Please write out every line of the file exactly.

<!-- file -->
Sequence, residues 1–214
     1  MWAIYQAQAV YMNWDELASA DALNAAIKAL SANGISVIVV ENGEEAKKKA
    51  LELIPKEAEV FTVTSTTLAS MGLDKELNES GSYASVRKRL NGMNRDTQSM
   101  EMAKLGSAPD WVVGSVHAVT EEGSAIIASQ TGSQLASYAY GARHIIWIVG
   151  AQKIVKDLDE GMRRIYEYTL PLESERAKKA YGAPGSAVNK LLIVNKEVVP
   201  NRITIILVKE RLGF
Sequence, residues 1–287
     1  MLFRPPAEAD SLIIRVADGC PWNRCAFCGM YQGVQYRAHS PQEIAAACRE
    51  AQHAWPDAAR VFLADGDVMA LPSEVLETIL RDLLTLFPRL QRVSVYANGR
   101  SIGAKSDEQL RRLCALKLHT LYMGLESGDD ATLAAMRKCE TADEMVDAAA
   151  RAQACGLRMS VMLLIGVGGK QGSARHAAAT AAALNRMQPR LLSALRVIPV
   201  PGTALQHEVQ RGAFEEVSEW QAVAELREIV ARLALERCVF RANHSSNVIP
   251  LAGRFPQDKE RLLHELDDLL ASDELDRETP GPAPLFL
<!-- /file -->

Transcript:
Sequence, residues 1–214
     1  MWAIYQAQAV YMNWDELASA DALNAAIKAL SANGISVIVV ENGEEAKKKA
    51  LELIPKEAEV FTVTSTTLAS MGLDKELNES GSYASVRKRL NGMNRDTQSM
   101  EMAKLGSAPD WVVGSVHAVT EEGSAIIASQ TGSQLASYAY GARHIIWIVG
   151  AQKIVKDLDE GMRRIYEYTL PLESERAKKA YGAPGSAVNK LLIVNKEVVP
   201  NRITIILVKE RLGF
Sequence, residues 1–287
     1  MLFRPPAEAD SLIIRVADGC PWNRCAFCGM YQGVQYRAHS PQEIAAACRE
    51  AQHAWPDAAR VFLADGDVMA LPSEVLETIL RDLLTLFPRL QRVSVYANGR
   101  SIGAKSDEQL RRLCALKLHT LYMGLESGDD ATLAAMRKCE TADEMVDAAA
   151  RAQACGLRMS VMLLIGVGGK QGSARHAAAT AAALNRMQPR LLSALRVIPV
   201  PGTALQHEVQ RGAFEEVSEW QAVAELREIV ARLALERCVF RANHSSNVIP
   251  LAGRFPQDKE RLLHELDDLL ASDELDRETP GPAPLFL